National Geographic : 2017 May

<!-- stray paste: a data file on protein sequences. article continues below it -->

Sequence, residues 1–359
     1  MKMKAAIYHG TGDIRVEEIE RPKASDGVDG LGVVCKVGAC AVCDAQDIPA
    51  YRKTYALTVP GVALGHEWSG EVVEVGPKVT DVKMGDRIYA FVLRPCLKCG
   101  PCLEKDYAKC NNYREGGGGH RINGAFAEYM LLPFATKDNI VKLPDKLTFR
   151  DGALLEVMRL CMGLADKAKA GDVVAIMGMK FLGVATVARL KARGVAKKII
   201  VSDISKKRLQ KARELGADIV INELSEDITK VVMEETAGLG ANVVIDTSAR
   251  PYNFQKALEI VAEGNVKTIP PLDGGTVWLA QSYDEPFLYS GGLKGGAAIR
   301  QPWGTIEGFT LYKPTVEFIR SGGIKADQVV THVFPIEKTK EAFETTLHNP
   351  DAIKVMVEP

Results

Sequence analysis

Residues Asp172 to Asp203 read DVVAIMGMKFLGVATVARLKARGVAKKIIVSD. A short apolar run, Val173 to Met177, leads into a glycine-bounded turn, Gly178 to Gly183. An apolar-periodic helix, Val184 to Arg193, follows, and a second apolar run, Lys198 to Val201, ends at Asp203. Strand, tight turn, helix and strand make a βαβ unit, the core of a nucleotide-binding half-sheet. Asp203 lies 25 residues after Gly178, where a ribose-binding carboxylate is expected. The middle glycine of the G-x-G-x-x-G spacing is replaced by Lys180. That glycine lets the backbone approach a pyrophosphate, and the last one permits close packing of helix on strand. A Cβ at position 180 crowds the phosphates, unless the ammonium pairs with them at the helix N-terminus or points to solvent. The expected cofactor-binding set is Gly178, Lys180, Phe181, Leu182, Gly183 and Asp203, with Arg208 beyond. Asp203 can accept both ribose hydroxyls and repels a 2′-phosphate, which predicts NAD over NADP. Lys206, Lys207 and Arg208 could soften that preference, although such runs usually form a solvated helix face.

JOEL SARTORE PHOTOGRAPHED THIS MALE WATTLED JACANA AT THE DALLAS WORLD AQUARIUM. What kind of dad stays home with the kids while their mother is out having sex? A wattled jacana dad—even when he knows that he’s being cuckolded and the offspring he’s minding may not be his. Several species of Jacana are among the animal world’s most extreme cases of sex-role reversal, says behavioral ecolo- gist Peter Wrege of Cornell University. An assertive female collects a harem of up to five smaller males. In the span of about a week, she lays four eggs in one male’s nest while continuing to mate openly with him and others—“as many as 65 matings for one clutch,” Wrege says. Even in monogamous bird species, a female may “sneak copulations else- where,” he says. But as Wrege and col- league Stephen Emlen observed during years of research in Panama, the wattled jacana female’s cuckoldry is both public and frequent. To see how that affects pa- ternity of offspring, they tracked dozens of birds’ mating and egg laying, took blood samples, and ran DNA tests. The researchers concluded that for a jacana male with a promiscuous partner, “the risk of raising unrelated young may be as high as 75 percent.” In other words: He’s seen her mating with others, yet for three months he incubates eggs and raises chicks unlikely to all be his. Why do the males do this? “Basically, they’re stuck,” Wrege says. Hunting for a less promiscuous female would take time better spent trying to sire eggs. This way, although they may end up with other males’ kids, they also achieve the bio- logical imperative of having their own. SHE MATES, HE INCUBATES By Patricia Edmonds | EXPLORE | BASIC INSTINCTS WATTLED JACANA HABITAT/RANGE Freshwater bodies in most of Central and South America CONSERVATION STATUS Least concern OTHER FACTS Jacana jacana is also called lily-trotter, be- cause outsize feet help it walk on floating plants.